[Note that not all of Ben's examples are, strictly speaking, good.]
"I've noticed that sometimes you talk like you're from elsewhen."
"Could you give examples?"
"You're one of only six people in high school in all of the United States who knows that thou is informal while you is formal. Most people think it's the other way around. If they thing about it at all. Reverence isn't a verb anymore. It hasn't been for quite some time. It's a noun. People have it, they show it, they feel it, but they don't reverence anyone or anything. Thither: no one uses it. If you punch it into Google you the first page is almost entirely devoted to sites trying to answer the question, 'What the hell does thither mean?' The exception is a blog post about how seldom thither is used. Succor: when was the last time you heard someone not-a-vampire say it? 'Fucked by the fickle finger of fate' is an expression from the 1930s."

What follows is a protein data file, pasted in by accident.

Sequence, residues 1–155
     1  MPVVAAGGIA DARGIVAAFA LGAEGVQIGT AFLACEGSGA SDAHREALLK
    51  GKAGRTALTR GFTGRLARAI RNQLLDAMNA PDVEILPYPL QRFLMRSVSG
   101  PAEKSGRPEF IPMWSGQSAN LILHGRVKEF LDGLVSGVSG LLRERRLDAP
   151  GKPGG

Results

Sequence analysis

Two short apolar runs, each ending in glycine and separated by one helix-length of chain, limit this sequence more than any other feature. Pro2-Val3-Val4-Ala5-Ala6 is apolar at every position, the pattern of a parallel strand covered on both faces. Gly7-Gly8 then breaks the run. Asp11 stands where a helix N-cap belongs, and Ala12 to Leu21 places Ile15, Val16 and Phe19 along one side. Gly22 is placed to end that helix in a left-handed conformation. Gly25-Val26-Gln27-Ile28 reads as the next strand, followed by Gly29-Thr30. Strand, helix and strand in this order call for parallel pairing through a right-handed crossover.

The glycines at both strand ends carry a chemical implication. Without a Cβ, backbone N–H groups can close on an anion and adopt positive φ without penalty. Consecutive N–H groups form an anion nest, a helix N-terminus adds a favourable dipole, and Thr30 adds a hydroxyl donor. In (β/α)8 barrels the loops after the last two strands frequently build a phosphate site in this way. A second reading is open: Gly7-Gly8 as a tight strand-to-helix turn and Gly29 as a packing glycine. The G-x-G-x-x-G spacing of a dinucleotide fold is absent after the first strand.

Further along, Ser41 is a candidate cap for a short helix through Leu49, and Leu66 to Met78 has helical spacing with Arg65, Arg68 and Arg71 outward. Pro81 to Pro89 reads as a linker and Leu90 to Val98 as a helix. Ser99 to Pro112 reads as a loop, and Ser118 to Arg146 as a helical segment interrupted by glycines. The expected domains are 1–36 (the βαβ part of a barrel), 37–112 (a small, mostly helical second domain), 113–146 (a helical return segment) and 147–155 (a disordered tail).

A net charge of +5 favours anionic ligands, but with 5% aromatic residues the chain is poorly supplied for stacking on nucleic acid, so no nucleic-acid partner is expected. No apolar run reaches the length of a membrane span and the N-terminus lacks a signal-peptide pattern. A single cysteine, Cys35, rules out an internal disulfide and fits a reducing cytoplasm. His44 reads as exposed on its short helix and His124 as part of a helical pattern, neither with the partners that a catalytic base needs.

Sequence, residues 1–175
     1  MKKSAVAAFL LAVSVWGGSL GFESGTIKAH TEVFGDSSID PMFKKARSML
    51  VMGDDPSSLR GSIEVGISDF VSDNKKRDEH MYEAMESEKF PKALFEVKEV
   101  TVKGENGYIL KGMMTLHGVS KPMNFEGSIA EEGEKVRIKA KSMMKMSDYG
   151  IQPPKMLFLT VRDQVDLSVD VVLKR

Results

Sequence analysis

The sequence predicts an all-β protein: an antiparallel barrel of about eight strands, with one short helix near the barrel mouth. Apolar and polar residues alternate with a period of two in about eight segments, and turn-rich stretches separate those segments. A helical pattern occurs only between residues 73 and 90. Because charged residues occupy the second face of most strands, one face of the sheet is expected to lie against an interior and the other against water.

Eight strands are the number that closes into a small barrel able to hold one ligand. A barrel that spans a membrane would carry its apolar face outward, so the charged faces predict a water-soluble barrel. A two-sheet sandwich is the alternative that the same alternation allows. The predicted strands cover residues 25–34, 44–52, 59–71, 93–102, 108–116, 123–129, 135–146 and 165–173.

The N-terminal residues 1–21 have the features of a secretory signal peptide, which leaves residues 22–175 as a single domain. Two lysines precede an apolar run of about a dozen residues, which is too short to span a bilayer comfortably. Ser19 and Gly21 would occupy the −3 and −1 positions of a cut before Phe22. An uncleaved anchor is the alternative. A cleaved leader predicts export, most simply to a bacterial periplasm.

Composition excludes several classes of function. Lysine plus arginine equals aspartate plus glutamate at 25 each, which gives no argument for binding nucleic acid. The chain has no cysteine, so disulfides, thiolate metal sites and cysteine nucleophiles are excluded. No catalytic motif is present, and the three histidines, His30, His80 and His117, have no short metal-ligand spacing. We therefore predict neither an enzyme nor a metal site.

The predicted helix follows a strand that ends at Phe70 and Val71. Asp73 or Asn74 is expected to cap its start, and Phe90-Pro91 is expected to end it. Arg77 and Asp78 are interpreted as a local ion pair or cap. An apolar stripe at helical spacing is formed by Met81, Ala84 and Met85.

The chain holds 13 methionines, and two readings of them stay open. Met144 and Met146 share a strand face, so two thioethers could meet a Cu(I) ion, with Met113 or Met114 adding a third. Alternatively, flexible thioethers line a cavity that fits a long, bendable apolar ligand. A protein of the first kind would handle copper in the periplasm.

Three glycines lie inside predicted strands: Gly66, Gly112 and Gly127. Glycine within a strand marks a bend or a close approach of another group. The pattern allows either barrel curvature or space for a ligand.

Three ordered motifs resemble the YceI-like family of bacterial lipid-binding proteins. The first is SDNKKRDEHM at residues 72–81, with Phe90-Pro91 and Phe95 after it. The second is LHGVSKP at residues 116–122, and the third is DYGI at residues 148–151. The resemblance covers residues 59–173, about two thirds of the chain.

"But it's a good expression. It's got alliteration and everything. People don't curse like that anymore." [pause] "What? I know you want to use it too."
"I thought you couldn't read my mind."
"I don't need to."
"There isn't all that much opportunity to use it really. It doesn't seem to come up a lot. Anyway, groovy is not used outside of the 59th Street Bridge song."
I've only just started using it, I'm not going to stop now."
Define 'just started.'"
Couldn't be more than 50 years."
That's almost half your life." [collects thoughts] "Wherefore isn't used outside of Shakespeare, and even then most people don't know what it means. They think it means 'where' when it really means-"
Heretofore is ok, hithertofore is-"
"Awesome. The word you're looking for is: awesome."
"You decline Who, Whose, Whom properly. You remember your whences and your whithers even though no one else does. And, in closing, 'Confute'." [silence, Edith gestures for Ben to continue, Ben doesn't]
"Aren't you going to ..."
"No." [pause] "Confute. You use the word confute. I rest my case."